Sunday, June 30, 2013

Jury Service: Reflections--What Exactly IS the Responsibility of Jurors?

This post is my third and final reflection on my recent experience of a voir dire during a term of jury service in Orleans Parish Criminal Court. During a voir dire, potential jurors are questioned to determine who will be the best jurors for the particular trial. Although the judge and attorneys at this particular voir dire were polite and friendly with us potential jurors, I still found aspects of the system to be disturbing. This post will focus on the responsibility of jurors.

What exactly IS the responsibility of jurors?


According to the judge at the voir dire in which I participated, jurors are judges only of the FACTS. Jurors are to set aside any consideration of whether the law in question is a fair law or not or whether the sentence (if the defendant should be found guilty) will be a reasonable one or not. The jurors must simply consider the facts by answering this question: Has the evidence presented by the prosecution proved to me, beyond a reasonable doubt, that the defendant did the actions of which he or she is accused? If the answer is yes, the jury is to bring a verdict of guilty; if not, a verdict of not guilty

The case under consideration for this particular voir dire involved a charge of possessing cocaine two years ago in an amount between 28 and 200 grams. Therefore, the jury would be asked to determine whether or not we were convinced beyond a reasonable doubt by the prosecution's evidence that (1) the defendant possessed something on the date in question, (2) the something possessed was cocaine, and (3) the amount of cocaine possessed was between 28 and 200 grams. If yes--guilty. If no--not guilty.

Our feelings and beliefs about whether or not cocaine should be a legal or an illegal drug or  what sentence would likely be given if the defendant should be found guilty were not to enter into our deliberations. We were only to judge the FACTS. The law was the province of the legislature, and any sentence was the province of the judge. The province of the jury was limited to the facts.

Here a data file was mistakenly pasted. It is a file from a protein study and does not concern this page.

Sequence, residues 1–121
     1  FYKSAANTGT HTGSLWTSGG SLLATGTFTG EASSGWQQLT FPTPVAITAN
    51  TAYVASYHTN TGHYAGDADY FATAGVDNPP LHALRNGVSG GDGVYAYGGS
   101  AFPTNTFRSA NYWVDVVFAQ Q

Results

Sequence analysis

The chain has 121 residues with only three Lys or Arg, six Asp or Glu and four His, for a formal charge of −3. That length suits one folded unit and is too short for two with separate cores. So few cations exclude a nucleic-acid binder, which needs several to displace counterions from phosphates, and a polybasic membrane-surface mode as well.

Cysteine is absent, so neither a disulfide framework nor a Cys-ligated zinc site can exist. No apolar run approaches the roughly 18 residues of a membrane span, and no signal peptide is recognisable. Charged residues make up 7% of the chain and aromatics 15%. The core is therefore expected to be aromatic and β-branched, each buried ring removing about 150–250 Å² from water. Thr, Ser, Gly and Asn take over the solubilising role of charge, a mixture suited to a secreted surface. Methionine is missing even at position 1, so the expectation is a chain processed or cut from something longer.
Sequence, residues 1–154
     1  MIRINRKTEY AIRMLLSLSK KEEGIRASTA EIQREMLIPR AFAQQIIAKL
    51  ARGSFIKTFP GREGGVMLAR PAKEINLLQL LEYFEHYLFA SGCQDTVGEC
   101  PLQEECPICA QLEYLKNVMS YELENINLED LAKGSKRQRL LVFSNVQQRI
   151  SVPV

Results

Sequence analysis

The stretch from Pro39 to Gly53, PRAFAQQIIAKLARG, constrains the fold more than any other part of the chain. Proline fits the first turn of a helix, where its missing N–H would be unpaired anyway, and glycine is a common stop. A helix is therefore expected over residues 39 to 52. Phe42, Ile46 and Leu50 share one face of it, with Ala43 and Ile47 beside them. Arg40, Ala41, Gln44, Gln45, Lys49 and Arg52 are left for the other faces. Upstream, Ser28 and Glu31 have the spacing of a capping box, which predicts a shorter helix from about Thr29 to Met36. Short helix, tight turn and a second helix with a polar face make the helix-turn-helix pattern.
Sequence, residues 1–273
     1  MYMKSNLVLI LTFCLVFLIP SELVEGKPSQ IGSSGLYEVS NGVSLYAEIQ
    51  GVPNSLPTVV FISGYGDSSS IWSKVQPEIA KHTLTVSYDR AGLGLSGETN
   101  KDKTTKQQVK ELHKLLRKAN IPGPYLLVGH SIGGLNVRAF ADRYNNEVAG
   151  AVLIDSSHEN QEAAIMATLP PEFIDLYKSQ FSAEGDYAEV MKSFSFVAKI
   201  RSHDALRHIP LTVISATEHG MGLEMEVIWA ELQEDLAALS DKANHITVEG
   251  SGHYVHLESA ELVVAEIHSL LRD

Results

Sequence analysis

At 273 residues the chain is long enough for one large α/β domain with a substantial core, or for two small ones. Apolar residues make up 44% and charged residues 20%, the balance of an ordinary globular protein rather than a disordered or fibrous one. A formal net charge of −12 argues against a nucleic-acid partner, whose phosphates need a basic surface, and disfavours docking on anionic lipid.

I had some serious concerns about the possibility of a prison sentence in the case of a guilty verdict, which I expressed to the judge when I was questioned during the voir dire. Consequently, I was not chosen for the jury.

I strongly suspected that the sentence for possession of between 28 and 200 grams of cocaine would include time in prison, probably the infamous Orleans Parish Prison (the O.P.P). Sending a person to the O.P.P is like sending that person to criminal school. I find this an unreasonable punishment for someone convicted of cocaine possession in this amount. The charge did not include any violent offense and was two years old. In no way did I want to see someone sent to prison, and definitely not the O.P.P., simply for possessing cocaine two years ago.

If the prosecuting attorney were to prove to me beyond a reasonable doubt that the defendant did indeed possess between 28 and 200 grams of cocaine two years ago, I (as a juror) would (according to the judge) be obliged to find the defendant guilty, even though this would lead to (for me) the unacceptable sentence of a prison term in the O.P.P.

And I have since found that my suspicions about the sentence were right. The website, on its "Louisiana Cocaine Laws" page states:

Any person who knowingly or intentionally possesses twenty-eight grams or more, but less than two hundred grams, of cocaine or of a mixture or substance containing a detectable amount of cocaine or of its analogues as provided in Schedule II(A)(4) of R.S. 40:964, shall be sentenced to serve a term of imprisonment at hard labor of not less than five years, nor more than thirty years, and to pay a fine of not less than fifty thousand dollars, nor more than one hundred fifty thousand dollars.